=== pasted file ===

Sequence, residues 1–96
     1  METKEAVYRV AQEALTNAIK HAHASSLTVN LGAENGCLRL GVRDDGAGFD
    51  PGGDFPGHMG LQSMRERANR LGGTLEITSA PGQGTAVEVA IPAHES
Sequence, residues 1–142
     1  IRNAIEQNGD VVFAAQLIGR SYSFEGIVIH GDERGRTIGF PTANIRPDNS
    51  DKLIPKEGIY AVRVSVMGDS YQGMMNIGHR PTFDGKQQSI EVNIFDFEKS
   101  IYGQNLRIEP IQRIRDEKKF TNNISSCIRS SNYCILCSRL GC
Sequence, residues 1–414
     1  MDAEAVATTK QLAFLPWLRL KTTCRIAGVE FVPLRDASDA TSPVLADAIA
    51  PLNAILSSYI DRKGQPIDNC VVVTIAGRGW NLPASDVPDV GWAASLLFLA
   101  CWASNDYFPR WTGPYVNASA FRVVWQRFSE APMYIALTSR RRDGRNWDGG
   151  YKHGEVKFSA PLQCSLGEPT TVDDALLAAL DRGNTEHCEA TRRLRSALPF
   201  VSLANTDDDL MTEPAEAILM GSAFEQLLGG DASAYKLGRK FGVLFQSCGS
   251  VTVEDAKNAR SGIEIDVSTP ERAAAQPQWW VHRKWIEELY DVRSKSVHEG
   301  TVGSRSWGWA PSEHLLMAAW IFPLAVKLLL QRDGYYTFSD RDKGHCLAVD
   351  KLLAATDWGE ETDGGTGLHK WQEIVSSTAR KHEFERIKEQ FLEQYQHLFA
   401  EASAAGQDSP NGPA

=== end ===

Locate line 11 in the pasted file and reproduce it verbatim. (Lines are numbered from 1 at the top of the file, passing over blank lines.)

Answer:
   101  CWASNDYFPR WTGPYVNASA FRVVWQRFSE APMYIALTSR RRDGRNWDGG